Multivitamins and Food Allergy

Should kids with food allergies take a supplement?. John Lamb/Digital Vision/Getty Images

One of the trickiest parts of managing food allergies is making sure you get enough vitamins and minerals, preferably from the food you eat. If you have multiple food allergies, this becomes even harder.


Because having a food allergy means eliminating certain foods from your diet, and some of the foods provide key nutrients for your health.

Let’s take a look at a couple of them:

Milk/Dairy: From milk to yogurt, milk and dairy products provide an important source of calcium and may offer good amounts of vitamin D, both of which are crucial to bone health.

Wheat: Rich in B vitamins, iron and zinc, wheat and wheat products offer these plus other important nutrients like fiber, which help you stay healthy and energized.

Fish: Loaded with omega-3 fatty acids, which are important to health and your immunity.

Other food allergens such as egg, soy, peanuts, and tree nuts also provide important nutrients but can be met by a healthy array of foods and a well-planned diet.

When you have multiple food allergies, such as milk, egg and wheat, the ability to cover all the needed nutrients for growth (a child) or health (a child or adult) becomes more difficult, and a multivitamin supplement may help bridge the nutrient gaps.

Vitamin D, calcium and omega-3 fatty acids are known to be deficient micronutrients in children with food allergies. Trace elements including zinc, selenium and magnesium may also be of concern.

A group of researchers from the UK set out to understand the rates of micronutrient deficiency in children aged 4 weeks to 16 years with food allergies.

They found the following:

Based on a 3-day food diary to assess overall micronutrient intake, they found that no child in the whole group had a deficient vitamin C intake, and low intakes of vitamin B12, B6, thiamine and folate were rare.

Sixty percent of the group (110 study participants) had a low vitamin D intake, and low zinc, copper, and selenium were also seen in some patients.

The researchers also looked at micronutrient supplementation and found:

Almost 30% of children received vitamin and/or mineral supplementation.

More children received a vitamin and/or mineral supplement when they were on alternative over-the-counter milks (i.e. coconut, oat or rice milk), which were nutritionally incomplete.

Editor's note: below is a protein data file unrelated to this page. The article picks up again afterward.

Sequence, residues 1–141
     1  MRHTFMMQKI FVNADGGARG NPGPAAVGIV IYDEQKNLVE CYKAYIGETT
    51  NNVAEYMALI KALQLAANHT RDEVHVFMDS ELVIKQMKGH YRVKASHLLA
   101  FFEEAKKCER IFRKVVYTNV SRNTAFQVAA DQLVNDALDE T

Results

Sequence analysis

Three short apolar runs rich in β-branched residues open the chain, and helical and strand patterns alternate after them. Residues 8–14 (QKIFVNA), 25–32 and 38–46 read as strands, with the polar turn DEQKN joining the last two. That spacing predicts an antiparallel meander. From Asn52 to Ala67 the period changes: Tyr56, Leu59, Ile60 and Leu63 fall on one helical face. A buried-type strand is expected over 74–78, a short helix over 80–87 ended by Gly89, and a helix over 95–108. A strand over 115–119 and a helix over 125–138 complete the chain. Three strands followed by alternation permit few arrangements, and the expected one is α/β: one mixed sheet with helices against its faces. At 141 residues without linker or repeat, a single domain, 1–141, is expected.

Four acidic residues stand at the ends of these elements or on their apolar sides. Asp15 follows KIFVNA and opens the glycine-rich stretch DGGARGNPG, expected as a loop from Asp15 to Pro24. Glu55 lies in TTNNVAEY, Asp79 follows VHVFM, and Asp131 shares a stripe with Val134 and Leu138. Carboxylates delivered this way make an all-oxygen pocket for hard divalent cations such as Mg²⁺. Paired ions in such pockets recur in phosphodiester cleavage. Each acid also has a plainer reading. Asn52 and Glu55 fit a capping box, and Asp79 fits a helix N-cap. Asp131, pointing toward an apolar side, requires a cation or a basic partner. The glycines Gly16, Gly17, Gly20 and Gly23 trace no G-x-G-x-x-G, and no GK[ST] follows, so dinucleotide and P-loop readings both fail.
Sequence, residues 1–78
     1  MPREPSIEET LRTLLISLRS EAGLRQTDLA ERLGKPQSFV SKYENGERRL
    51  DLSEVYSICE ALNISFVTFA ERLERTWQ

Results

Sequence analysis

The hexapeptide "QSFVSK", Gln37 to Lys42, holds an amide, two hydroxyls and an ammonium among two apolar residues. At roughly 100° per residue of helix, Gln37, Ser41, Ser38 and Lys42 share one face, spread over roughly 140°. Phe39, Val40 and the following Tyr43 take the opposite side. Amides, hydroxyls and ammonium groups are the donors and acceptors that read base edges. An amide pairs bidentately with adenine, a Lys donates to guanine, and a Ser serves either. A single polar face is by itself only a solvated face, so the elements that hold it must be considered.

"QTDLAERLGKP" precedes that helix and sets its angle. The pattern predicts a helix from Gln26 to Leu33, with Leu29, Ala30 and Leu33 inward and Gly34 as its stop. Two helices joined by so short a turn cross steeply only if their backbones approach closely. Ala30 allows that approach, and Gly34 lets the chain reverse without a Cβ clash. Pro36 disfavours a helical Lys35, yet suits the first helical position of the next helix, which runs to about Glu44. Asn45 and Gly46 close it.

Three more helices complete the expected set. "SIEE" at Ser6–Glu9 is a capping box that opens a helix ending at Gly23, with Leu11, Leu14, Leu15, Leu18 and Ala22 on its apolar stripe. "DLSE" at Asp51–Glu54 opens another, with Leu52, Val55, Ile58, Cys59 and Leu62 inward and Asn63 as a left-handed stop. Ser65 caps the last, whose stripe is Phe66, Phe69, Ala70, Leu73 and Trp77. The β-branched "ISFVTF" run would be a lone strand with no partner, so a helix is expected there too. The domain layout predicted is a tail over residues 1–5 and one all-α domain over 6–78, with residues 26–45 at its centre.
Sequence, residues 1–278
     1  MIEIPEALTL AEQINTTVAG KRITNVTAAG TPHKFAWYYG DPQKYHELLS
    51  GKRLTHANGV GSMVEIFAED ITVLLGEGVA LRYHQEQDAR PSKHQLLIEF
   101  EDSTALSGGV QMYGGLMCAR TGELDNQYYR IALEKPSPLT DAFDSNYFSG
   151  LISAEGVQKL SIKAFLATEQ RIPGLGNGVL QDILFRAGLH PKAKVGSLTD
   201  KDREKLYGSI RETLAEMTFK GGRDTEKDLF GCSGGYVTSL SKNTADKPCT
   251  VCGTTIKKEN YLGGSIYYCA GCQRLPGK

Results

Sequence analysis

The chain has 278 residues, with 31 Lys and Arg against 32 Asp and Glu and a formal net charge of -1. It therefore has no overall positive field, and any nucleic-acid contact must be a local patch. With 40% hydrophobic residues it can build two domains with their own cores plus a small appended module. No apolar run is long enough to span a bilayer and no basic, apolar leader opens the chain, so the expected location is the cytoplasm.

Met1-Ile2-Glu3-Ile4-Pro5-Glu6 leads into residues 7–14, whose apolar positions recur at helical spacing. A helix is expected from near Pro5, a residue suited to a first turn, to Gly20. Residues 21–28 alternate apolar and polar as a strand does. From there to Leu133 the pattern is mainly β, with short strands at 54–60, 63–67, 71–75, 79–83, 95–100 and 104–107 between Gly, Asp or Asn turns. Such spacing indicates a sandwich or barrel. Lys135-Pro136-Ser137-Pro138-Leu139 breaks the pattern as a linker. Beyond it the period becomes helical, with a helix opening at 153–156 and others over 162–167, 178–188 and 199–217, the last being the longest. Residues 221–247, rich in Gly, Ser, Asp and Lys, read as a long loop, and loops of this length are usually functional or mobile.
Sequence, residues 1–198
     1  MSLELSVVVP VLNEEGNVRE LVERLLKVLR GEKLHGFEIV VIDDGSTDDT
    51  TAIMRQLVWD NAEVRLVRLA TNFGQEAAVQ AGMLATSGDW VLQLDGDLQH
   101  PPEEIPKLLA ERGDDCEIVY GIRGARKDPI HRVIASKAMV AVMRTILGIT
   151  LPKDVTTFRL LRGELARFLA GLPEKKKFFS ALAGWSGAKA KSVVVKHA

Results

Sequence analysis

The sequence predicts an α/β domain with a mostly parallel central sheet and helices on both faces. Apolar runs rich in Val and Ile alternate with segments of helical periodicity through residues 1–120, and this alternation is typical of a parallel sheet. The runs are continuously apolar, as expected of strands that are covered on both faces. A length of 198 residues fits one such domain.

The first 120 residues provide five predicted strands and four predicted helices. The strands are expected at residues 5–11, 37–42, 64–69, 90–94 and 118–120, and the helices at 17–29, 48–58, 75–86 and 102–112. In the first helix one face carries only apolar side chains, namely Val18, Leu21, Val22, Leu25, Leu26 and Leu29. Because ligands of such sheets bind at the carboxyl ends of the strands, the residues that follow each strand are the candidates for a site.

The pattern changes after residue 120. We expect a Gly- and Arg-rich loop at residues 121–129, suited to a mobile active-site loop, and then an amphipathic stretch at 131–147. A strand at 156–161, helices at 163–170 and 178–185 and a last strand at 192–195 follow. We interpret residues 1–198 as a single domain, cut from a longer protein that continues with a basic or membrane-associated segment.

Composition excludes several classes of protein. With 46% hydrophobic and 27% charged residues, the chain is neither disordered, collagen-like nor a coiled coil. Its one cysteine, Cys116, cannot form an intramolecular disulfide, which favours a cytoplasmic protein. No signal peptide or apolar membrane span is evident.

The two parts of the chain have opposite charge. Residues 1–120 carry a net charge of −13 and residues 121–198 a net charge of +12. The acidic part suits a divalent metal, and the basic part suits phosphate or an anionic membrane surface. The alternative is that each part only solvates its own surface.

Seventy-five percent of children on supplements avoided at least 2 food allergens, with cow’s milk, soy and a combination of cow’s milk, soya, egg, wheat and others being the most common foods eliminated.

What we can learn from this study

Assessing the adequacy of the food allergy diet for micronutrients is hard, if not impossible in the clinical setting where a food allergic child might visit with a registered dietitian. Time is short, and getting a complete and accurate description of the usual diet relies heavily on accurate reporting by the caretaker.

Many children in this study were using micronutrient supplements and didn’t need them, while others who did need them were not getting them.

Figuring out who is best served by a multivitamin and mineral supplement is best done by nutrition professionals and on a routine, annual basis.

Routine supplementation is probably a good idea when more than one food allergy exists. The authors in this study concluded that children with food allergies should consider routine vitamin and/or mineral supplements because deficient intake is so common, especially for vitamin D, calcium, zinc and selenium. It’s nearly impossible to find a multivitamin/mineral supplement with enough calcium to make a difference, so focus on other foods which provide good levels of calcium, or find an alternative calcium supplement.

If you're worried about giving your child too much, especially of Vitamin A, you can relax a bit. This study suggests the risk of toxicity using a supplement in doses reflecting the Recommended Dietary Allowance (RDA) were low and not of clinical (real) significance.


Meyer R et al. A practical approach to vitamin and mineral supplementation in food allergic chidlren.  Clinical and Translational Allergy 2015; 5:11.

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